How Do Smart Contracts Work?

How Do Smart Contracts Work?

If you’re even slightly interested in the world of blockchain, you may have heard or read about the phrase “smart contract”. But apart from being the digital cousin of a drafted paper contract, how exactly do they work?

It cuts out the middle man

At the core, smart contracts are pieces of code deployed on the blockchain which execute certain instructions once a series of conditions are triggered. A simple analogy would be to think of them as vending machines which dispense funds or other assets to intended parties. In addition, certain rules and conditions can be coded in to ensure that funds are only released once these are met.

Unlike paper contracts, smart contracts don’t need to be witnessed by a lawyer or notary as nodes on the blockchain will verify the potential transaction instead. Furthermore, unlike the hassle of following up and chasing for payments in the offline world, smart contracts ensures automatic execution once this set of conditions are triggered as per the code. The public ledger allows for transparency and accountability, with outside parties able to observe the market activity, but also maintains the anonymity of the parties involved.

For example, smart contracts can assure investors in crowdfunding projects that the founders are actually making progress and using funds to accelerate development. If milestones cannot be met, the funds will be returned to investors.

Unlike paper contracts, smart contracts are executed immediately once certain requirements are met. Image from

Benefits of smart contracts

One of the key benefits of smart contracts is automatic execution as mentioned earlier. This also ensures complete accuracy as long, confusing forms don’t need to be filled out. In addition, there is no possibility of manipulation by a third party as there are no lawyers or intermediaries involved in the process.

Smart contracts are essentially pieces of code; this means that it’s extremely fast. While the execution of a traditional contract can take anywhere from a few hours to a few years, smart contracts are fulfilled as soon as the conditions programmed in are met.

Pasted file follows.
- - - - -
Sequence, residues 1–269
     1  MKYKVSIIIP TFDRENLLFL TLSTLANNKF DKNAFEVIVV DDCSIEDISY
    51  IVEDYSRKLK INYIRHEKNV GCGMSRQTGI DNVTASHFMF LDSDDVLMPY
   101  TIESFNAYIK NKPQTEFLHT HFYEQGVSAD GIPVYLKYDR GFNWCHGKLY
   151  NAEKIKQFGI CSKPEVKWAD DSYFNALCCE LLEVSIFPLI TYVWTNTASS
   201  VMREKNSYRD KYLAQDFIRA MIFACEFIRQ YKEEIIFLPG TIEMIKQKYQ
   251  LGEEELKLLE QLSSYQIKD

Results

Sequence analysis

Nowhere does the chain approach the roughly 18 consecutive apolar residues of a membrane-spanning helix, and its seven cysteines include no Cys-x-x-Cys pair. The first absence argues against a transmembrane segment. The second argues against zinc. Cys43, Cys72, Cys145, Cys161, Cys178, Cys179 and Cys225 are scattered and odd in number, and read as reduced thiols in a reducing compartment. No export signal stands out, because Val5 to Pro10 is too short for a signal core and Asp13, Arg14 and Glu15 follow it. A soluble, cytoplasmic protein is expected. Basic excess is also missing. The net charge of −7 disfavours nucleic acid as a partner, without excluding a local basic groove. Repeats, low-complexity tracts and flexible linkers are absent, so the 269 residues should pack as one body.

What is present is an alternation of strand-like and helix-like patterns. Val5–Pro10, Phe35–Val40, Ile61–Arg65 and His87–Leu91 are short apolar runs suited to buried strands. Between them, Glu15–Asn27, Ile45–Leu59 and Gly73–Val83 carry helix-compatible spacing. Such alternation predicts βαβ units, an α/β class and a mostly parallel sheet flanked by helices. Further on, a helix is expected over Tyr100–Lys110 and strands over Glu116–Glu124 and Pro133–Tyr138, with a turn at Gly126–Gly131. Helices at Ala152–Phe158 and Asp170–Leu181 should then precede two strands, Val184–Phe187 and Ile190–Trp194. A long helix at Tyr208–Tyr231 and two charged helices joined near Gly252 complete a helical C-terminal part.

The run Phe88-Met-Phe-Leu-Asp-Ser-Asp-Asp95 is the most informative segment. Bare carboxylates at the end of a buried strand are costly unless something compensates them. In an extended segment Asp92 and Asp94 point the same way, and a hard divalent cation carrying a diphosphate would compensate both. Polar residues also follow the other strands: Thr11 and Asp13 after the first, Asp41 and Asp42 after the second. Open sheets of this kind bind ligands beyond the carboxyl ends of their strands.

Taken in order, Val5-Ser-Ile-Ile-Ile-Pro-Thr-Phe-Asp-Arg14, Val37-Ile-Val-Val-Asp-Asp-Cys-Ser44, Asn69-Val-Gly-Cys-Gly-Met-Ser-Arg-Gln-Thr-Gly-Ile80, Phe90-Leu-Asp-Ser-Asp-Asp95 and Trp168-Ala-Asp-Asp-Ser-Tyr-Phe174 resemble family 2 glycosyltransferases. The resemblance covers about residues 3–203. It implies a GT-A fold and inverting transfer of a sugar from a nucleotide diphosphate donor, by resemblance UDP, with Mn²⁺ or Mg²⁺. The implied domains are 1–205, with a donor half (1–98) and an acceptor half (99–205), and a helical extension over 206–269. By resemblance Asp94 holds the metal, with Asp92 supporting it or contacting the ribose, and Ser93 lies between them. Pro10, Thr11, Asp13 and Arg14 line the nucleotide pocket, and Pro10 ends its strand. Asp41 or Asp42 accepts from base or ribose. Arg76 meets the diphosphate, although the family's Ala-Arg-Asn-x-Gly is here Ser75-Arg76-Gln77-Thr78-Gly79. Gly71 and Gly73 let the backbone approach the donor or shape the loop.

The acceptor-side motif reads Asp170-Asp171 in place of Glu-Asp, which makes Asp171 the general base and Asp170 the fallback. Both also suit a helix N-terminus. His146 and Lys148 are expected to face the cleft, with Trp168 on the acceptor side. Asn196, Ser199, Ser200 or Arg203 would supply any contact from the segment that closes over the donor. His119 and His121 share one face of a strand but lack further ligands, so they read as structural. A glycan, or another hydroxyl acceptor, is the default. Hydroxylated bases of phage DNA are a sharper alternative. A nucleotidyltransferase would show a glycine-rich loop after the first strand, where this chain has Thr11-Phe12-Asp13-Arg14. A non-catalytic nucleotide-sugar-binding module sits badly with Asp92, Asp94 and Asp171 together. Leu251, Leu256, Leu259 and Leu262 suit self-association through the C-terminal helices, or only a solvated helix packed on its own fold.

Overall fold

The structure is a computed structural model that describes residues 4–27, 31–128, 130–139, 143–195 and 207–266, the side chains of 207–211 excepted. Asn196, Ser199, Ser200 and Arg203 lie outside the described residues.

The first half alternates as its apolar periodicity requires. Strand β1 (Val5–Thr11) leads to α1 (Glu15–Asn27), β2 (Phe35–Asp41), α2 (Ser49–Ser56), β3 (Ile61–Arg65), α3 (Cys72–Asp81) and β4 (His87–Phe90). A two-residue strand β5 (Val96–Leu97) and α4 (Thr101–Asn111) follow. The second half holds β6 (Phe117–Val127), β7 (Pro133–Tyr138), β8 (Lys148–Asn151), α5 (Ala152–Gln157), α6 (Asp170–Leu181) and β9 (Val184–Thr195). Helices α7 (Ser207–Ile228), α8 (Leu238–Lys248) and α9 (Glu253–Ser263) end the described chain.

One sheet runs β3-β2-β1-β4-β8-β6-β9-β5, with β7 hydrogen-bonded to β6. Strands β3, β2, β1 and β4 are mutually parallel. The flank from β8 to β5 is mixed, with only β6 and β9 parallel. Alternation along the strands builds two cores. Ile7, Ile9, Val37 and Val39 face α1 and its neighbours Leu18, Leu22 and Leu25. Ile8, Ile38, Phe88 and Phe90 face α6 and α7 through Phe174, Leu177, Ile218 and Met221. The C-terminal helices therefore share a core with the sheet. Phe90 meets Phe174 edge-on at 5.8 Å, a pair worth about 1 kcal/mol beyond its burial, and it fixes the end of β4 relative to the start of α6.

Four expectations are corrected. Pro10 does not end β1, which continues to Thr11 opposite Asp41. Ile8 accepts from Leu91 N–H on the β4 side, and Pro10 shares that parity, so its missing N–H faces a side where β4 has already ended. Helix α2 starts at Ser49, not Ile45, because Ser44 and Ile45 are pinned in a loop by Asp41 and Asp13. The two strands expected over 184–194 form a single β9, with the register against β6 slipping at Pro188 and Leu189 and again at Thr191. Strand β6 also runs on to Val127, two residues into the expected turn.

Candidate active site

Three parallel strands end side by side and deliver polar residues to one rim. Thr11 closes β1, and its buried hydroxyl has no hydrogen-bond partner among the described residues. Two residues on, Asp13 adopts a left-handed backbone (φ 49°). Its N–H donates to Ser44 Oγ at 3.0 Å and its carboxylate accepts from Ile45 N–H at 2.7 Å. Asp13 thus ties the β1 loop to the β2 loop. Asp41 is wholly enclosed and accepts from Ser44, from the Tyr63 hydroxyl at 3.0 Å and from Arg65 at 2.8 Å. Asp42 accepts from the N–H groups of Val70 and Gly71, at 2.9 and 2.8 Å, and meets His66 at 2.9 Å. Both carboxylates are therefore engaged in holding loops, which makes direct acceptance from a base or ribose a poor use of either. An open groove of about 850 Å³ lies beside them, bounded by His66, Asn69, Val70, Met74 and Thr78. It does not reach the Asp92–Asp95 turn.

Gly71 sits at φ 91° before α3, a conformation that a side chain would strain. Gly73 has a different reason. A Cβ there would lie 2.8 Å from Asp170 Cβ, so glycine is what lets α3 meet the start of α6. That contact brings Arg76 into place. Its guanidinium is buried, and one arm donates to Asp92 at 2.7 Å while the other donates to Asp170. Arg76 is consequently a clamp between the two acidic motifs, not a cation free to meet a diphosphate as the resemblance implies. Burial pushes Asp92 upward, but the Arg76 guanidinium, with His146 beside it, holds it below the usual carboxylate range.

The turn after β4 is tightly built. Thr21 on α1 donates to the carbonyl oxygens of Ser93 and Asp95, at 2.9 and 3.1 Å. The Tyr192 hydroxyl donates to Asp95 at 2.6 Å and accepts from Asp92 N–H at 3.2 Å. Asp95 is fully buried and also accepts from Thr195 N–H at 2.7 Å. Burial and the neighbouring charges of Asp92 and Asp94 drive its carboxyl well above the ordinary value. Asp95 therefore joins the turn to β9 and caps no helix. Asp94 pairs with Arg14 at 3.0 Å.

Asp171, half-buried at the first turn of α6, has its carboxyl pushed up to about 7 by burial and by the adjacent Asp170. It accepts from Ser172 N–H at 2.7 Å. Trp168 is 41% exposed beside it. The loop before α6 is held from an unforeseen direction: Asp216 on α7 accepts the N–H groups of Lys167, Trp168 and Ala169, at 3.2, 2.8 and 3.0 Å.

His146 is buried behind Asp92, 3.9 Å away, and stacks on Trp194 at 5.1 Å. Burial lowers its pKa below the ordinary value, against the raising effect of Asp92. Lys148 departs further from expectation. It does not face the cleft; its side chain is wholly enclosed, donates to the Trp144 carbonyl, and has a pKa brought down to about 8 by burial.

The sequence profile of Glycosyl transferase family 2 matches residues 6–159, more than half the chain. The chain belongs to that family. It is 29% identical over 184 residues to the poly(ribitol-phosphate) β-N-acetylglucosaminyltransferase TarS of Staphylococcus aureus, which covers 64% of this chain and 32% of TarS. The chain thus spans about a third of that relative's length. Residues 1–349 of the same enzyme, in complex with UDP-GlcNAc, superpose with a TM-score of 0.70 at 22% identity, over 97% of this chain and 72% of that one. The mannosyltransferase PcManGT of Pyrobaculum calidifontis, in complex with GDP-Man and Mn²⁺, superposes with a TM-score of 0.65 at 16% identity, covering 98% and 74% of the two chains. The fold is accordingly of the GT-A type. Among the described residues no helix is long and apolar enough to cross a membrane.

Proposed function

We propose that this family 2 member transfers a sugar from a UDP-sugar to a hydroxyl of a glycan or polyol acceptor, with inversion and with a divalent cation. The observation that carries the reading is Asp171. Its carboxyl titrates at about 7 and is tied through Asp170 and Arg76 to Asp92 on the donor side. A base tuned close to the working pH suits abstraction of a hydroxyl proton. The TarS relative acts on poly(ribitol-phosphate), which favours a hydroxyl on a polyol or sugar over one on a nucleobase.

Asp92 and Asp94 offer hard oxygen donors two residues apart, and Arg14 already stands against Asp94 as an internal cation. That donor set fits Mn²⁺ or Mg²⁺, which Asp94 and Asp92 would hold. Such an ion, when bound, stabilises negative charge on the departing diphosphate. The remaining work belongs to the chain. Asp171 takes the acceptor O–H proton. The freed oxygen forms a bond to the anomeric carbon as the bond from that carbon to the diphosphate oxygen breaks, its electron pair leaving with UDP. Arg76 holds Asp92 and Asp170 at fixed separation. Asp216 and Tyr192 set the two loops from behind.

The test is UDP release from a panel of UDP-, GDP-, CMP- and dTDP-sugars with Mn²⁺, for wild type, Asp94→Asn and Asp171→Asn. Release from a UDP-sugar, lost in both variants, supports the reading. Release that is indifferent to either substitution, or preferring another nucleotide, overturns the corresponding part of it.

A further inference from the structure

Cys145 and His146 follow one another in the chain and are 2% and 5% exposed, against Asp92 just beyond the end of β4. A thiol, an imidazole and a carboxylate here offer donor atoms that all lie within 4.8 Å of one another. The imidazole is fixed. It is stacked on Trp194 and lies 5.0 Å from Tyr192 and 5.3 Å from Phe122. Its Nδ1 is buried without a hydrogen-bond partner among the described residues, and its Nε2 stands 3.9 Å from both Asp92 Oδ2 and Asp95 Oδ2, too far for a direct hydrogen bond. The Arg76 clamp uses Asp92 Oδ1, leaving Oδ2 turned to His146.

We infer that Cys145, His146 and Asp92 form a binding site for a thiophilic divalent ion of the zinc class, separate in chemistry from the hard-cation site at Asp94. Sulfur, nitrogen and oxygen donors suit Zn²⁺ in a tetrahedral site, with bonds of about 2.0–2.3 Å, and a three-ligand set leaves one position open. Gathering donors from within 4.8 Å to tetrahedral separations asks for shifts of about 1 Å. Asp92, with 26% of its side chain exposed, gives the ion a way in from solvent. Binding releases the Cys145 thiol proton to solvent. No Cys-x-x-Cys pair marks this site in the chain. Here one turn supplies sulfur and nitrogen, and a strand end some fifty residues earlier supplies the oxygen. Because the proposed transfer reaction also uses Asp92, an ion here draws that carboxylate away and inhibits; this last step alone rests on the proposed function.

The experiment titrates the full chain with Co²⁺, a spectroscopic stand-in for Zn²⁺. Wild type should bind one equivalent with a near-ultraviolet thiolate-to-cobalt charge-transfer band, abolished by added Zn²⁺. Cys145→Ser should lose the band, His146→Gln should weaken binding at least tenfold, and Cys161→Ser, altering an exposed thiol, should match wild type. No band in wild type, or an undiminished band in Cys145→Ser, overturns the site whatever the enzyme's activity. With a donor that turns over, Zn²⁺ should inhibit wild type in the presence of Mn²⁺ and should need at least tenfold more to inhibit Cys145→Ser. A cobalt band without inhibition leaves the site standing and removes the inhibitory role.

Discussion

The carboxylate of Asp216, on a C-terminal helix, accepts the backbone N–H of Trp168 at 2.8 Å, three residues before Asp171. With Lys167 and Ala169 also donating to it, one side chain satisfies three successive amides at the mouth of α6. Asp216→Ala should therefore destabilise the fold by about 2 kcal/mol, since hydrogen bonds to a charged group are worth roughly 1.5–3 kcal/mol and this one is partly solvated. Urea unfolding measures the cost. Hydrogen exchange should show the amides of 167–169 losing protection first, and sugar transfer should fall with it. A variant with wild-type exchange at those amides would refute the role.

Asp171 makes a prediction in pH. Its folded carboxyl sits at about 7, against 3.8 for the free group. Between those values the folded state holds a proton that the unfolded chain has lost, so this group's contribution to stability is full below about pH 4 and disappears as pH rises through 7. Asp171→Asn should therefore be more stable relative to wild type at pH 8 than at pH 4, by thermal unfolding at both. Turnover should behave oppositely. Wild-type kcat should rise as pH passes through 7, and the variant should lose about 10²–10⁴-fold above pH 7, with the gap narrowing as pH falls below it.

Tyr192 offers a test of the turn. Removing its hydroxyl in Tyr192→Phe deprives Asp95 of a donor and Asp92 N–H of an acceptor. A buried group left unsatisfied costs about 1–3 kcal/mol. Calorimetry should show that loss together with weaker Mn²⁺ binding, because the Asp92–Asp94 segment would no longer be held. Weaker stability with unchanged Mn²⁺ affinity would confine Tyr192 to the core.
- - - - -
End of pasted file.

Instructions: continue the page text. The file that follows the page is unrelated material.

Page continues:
As all nodes on the blockchain will have a copy of the smart contract, this means that it’s impossible for it to go missing, unlike physical copies. Furthermore, the transparency of the blockchain means that smart contracts can be fully trusted as all transactions must be verified by the nodes.

Industry use

Smart contracts have the potential to disrupt and revolutionize the way business is conducted, and even how society functions. However, there is a long way to go before smart contracts become the norm in various industries. Currently, the Ethereum blockchain platform provides the most leeway for flexible smart contracts.

With an understanding of the basic concept of a smart contract, it’s possible to envision a future where all functions of various industries are tied to smart contracts. However, it’s important to note that smart contracts are still considered to be in the early phase and aren’t bulletproof. The most notable example is The DAO, a digital decentralized autonomous organization which intended to offer a decentralized business model for commercial and non-profit ventures.

Smart contracts could potentially change the way entire industries work! Image from

Due to a flaw in its open-source code, malicious users managed to siphon off a substantial amount of The DAO’s funds. Although the funds were recovered through a hard fork which led to the formation of Ethereum Classic, it just goes to show how smart contracts are still susceptible to attacks.

The immediate future will involve ironing out kinks in existing software and figuring out how to embed more complex decision-making into future smart contracts. As of now, smart contracts are helping to decentralize trust and is the basis of many initial coin offerings (ICOs) being launched by companies around the world. When this transition is complete, it could very well change the world as we see it.

The independent firm Zeppelin Solutions has audited the code that makes up the EVR token and verified that there are no security leaks.

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